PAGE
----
Parenting Tips to Cope with Your Newly Crawling Baby
Posted Sep 22 2008 10:25am
Your baby has started crawling! As if shot out of a cannon, she now takes off for anywhere she can, whenever she can. You’ve hurriedly secured your house; you’ve put up cabinet locks, gates, and electric outlet covers. You’re assured she can’t hurt herself in the obvious places. Yet there are still times when your baby will take off for places you’d rather she not.
That area of bare floor where, if she pulled herself up and fell, she could hurt herself? The section of the hallway that you haven’t vacuumed yet? The eggs on your kitchen floor that your other child just spilled? These are the places she’s headed first. She wants to get into everything she hasn’t explored yet, no matter how dangerous. No exceptions.
Your desperate “get-back-here-right-now”s are a hilarious game to her, not a command. She doesn’t understand yet that there are some places she should not go. Your “Stop!” makes her halt once, look back at you, grin, and then redouble her zoom-here-zoom-there-zoom-everywhere behavior.
She’s not trying to make trouble, but it sure feels like it when you have to chase after her and snatch her up all the time. Sometimes your hands are full, like when you’re rolling out piecrust or holding another child. Maybe you’ve got a sore back and can’t pick her up easily.
You can’t keep her locked in her play yard all day, but boy, are you tempted! Luckily, there’s another solution to getting her back that perhaps you haven’t tried yet.
Lure her back! Yes, that baby in a crawling frenzy will sometimes go where you want her to of her own free will. The trick is to get her to want to, too.
Try these tips on your adventurous baby:
Lure her back with a ball. Keep a ball that’s soft and light enough for her to bat around on the hallway floor. When your baby zips off down the hallway, call her name and tap it with your foot so it goes toward her. She’ll stop, look around, and turn around to play with the ball. With enough practice manipulating the ball, she’ll quickly get the hang of the baby version of “catch.” This is a very effective way to move your unsuspecting baby along in the direction you choose—rather than her own.
Lure her back with a song, dance, or other performance. This lure to get a baby into her bedroom (or any other room) requires some finesse. When you start yodeling, often the baby will stop, stare at you, grin with delight—and turn around and dash off again. The secret to getting your baby to come is to back up slowly until you’re no longer visible—ideally ending up in her bedroom—while continuing to perform for her listening pleasure. If she likes the show enough, she may just follow you into the room for an encore.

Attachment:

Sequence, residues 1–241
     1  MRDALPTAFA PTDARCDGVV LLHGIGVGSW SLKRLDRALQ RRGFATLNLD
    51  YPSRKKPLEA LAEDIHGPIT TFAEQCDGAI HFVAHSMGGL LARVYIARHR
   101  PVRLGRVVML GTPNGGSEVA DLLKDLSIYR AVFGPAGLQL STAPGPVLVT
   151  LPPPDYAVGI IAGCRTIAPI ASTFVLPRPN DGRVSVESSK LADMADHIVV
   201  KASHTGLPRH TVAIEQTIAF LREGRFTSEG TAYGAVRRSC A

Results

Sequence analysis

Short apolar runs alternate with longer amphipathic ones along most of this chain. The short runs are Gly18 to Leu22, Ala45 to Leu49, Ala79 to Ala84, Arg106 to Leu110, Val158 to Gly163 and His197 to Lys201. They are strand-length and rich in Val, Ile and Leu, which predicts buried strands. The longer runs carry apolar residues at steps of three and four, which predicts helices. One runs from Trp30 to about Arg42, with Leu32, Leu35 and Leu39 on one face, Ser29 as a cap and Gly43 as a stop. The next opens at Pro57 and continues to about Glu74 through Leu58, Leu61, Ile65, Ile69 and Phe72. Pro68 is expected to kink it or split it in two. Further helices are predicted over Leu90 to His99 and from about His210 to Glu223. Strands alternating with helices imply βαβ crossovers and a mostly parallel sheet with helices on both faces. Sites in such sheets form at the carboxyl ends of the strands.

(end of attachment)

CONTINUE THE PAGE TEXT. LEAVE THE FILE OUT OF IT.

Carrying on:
Lure her back with a “What’s this?” “What’s this?” will get any baby’s attention right quick. Say, “What’s this,” and she’ll make a dash your way to investigate. Here’s how it works: Make a quick grab for the nearest interesting, safe and new object. Remember, new is the key. The familiar toy won’t earn more than a contemptuous glance. So “What’s this? Your favorite fluffy bunny?” will have her looking at you like you’re insane. “Me? Return for that? But I haven’t explored the dusty vacuum cleaner yet. See you later!”
“What’s this? Your father’s favorite baseball cap?” will do, or “What’s this? Oh, boy, is it an oven mitt? Is that what it is?” or even “What’s this? What’s this, baby? Is it the half-torn return reply envelope for the telephone bill that I just paid online? Wow! You’ve got to see this! That’s right. Come to Mama.”"
The benefit of these “lure the baby” games is more than just saving you the trouble of hauling your baby everywhere. It teaches your baby how to manipulate new toys and objects and that doing what you want gets her rewarded. And it saves your aching back, so instead of chasing her around twenty times an hour, you only have to do it ten times an hour.
Even ten times an hour can put a strain on your back. But don’t worry; the crawling stage will soon be over. Before you know it, your baby will be standing on her own. And walking. Everywhere. But that is another parenting adventure.